The spectra are dispersed by a grating spectrometer and the intensities of the lines are monitored by detectors. 
The signals from the detectors are processed and controlled by a computer system. A background correction 
technique is used to compensate for variable background contributions to the determination of trace elements. 

5 Reagents 

WARNING — The toxicity of each reagent used in this method has not been precisely defined; however, 
each chemical compound needs to be treated as a potentiaf health hazard. From this viewpoint, exposure 
to these chennieals to the lowest possible level by whatever means available Is recommended. 

Preparation methods Jnvolve the use of strong acids, which are corrosive and cause burns. Laboratory 
coats, gloves and safety spectacles should be worn when haodimg acids. 

Toxic fumes are evolved. by nitric acid. Always carry out digestion In a fume cupboard, as well as addition 
of acid to samples becays© of the possibility of toxic gases being released. 

Tha exhaust gases from the plasma should be ducted away by an efficient fume extraction system. 

SJ General requirerfients 

NOTE — Standard stock solutions may be purchased or prepared from ultrahigh-purity grade chemicals. 

The content of the determinants in the water and reagents shall be negligibly .low, compared wKh the 
concentrations to be determined. - . 



2—92 BiS/ISID/07 



IS 3025 (Part 2) : 2004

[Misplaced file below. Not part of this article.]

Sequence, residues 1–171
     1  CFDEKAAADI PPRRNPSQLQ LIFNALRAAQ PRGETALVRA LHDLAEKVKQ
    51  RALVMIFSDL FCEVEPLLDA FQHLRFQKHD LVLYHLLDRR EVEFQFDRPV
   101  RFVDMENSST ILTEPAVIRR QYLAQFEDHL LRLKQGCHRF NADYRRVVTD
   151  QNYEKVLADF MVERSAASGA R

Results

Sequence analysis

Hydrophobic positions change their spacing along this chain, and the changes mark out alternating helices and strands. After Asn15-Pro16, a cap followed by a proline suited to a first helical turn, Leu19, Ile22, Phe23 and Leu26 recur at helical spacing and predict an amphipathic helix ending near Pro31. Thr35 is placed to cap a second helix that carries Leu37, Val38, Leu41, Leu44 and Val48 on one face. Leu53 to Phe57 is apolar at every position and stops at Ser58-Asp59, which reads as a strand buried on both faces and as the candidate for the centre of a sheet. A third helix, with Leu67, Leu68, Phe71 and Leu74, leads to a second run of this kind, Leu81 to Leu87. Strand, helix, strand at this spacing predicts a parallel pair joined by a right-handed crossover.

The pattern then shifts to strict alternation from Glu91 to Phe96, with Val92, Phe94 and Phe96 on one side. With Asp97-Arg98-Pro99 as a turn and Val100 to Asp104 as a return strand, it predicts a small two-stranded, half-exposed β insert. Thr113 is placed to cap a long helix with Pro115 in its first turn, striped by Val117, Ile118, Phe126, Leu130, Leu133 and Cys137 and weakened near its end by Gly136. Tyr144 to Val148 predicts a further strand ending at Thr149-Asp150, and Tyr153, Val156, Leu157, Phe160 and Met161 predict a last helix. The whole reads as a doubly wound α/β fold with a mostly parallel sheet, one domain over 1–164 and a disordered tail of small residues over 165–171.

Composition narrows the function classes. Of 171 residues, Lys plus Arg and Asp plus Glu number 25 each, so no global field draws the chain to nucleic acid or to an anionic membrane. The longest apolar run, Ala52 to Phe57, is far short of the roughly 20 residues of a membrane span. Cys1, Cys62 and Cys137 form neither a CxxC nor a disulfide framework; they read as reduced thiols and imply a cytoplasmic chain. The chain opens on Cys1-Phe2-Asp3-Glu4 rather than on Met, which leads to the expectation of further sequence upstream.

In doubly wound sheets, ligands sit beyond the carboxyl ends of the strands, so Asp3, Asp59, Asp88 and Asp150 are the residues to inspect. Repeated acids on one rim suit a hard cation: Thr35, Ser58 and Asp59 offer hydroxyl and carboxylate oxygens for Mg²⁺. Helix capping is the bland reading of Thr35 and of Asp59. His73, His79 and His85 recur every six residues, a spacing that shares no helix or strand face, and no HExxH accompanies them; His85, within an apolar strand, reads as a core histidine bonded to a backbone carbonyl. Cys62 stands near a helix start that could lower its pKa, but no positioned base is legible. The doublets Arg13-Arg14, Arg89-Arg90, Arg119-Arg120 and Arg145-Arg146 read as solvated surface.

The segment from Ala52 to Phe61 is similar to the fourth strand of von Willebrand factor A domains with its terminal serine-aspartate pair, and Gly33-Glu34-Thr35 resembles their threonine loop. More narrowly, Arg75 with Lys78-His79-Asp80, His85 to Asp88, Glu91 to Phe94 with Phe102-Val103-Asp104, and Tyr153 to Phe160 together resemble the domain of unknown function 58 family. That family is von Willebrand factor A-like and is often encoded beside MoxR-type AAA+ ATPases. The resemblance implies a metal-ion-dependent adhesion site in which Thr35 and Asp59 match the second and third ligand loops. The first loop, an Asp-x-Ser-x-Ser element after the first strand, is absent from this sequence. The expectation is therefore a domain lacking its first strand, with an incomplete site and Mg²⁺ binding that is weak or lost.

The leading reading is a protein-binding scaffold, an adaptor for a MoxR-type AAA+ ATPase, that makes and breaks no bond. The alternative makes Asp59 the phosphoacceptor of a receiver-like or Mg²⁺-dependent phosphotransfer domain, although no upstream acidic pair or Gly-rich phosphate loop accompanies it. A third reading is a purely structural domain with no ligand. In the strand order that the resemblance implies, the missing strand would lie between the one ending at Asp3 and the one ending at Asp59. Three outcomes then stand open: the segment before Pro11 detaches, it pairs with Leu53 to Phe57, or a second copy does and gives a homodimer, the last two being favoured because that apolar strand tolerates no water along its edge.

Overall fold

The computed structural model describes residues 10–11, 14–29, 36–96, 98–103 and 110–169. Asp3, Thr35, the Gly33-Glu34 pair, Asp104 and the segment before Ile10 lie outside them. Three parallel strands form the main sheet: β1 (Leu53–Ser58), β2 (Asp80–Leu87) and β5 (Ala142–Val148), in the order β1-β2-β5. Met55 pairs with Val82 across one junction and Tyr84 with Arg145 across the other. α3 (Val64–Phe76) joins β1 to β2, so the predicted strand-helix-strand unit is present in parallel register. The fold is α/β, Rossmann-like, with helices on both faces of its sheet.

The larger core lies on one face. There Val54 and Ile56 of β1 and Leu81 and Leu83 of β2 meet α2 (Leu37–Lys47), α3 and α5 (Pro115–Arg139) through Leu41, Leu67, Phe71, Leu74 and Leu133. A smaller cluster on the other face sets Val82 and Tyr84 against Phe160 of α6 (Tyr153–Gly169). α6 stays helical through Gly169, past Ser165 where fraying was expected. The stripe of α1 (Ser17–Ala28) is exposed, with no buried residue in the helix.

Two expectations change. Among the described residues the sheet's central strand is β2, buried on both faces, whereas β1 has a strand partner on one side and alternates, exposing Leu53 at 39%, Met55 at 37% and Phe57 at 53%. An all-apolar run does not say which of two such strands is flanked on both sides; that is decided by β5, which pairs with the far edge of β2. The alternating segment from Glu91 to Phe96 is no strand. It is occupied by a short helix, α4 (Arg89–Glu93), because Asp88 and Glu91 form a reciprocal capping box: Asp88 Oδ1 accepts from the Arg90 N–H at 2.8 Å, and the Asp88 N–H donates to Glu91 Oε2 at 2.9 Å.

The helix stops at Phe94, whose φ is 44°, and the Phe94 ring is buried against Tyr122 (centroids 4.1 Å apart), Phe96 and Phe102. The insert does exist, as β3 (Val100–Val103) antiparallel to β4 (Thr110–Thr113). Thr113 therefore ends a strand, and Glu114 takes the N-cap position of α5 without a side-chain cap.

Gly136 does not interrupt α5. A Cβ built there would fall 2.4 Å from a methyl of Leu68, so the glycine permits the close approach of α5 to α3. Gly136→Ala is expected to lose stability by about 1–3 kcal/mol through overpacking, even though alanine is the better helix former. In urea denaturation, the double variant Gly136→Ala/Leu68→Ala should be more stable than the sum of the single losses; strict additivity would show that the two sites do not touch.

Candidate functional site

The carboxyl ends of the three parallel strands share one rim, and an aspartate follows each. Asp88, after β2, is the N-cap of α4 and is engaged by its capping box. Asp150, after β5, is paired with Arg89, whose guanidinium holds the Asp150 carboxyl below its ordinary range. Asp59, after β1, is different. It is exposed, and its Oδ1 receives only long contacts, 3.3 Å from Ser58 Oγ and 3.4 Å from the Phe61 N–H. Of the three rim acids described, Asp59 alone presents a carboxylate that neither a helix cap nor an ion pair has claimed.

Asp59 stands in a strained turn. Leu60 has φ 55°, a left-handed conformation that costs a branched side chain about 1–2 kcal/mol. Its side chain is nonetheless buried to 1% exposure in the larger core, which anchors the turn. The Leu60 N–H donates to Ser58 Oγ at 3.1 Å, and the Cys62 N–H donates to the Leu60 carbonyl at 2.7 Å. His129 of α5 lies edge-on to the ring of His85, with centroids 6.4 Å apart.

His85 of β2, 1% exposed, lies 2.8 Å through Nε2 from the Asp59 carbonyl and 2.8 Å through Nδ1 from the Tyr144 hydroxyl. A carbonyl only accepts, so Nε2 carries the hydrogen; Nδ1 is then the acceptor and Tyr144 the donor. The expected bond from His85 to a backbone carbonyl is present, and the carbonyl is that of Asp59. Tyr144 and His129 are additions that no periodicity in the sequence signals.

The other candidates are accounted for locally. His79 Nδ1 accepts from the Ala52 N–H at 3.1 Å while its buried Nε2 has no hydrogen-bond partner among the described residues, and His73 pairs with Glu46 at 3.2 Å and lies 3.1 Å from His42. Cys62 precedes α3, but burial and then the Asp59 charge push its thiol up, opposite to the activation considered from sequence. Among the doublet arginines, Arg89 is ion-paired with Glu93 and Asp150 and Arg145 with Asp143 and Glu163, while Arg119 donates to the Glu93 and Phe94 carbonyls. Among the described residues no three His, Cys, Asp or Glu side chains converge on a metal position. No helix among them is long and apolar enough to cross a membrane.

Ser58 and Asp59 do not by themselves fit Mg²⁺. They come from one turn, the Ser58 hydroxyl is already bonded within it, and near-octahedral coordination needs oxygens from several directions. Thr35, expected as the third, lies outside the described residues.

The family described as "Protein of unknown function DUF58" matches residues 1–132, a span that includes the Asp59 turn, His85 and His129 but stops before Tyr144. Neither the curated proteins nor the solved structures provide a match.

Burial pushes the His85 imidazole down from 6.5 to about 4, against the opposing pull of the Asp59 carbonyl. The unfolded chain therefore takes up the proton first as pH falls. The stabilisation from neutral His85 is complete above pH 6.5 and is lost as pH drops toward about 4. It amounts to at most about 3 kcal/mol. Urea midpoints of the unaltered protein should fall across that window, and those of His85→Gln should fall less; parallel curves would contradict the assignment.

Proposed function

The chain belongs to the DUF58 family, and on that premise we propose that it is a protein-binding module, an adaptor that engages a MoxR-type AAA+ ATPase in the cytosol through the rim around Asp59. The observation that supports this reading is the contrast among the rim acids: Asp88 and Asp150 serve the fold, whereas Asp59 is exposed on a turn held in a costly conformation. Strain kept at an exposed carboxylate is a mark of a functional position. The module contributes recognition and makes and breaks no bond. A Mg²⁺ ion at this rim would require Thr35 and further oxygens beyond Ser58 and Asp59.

ISO il885 : 1996 

All salts shai! be dried for 1 h at 105 °C unless otherwise specified. 

5.2 Nftricacid, p{HN03) = 1,40g/ml 

5„3 Dihydrogen dioxide (hydrogen peroxide), H^O^, volume fraction 30 %. 

NOTE — On the determination of phosphorus, attention should be paid to a possible stabilization of hydrogen peroxide with 
phosphoric acid, as thss will affect the phosphorous determination. 

5„4 Sulfwc add, p(H,SOJ - .1 ,84 g/ml. 

S3 Hydrochloric acid, c(HCI) :r 0,2 mol/L 

5.6 Ammonium sulfate, (NHJ^SO,. 

5.7 Element stock sofytlons 

Ag, Al, As, B, Ba, Be. Bi, Ca. Cd, Co, Cr, Cu, Fe, K. Li, Mg, Mn, Mo, Na, HI, P, Pb, S, Sb, Se, Si, Sn, Sr, Ti, V, W 
and Zn at mass concentrations of 1 000 mg/! each, 

NOTE — ICP-AES element standard reference solutions with respective specifications which can be used as stock solutions 
are commercially available. They have been prepared according to particusar? of the manufacturer. Nonnaily, these stock 
solutions contain hydrochloric acid or nitric acid and have a shelf life of several months; Formulations for the preparation of 
element stock solutions are identified below.